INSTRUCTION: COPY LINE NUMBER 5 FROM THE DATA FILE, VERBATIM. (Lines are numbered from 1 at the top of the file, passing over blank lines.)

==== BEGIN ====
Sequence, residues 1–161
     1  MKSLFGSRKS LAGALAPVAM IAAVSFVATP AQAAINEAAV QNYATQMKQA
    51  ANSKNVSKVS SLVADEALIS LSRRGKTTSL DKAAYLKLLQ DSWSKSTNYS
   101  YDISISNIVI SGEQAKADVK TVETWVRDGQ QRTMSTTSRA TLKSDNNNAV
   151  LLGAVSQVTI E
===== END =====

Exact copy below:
   151  LLGAVSQVTI E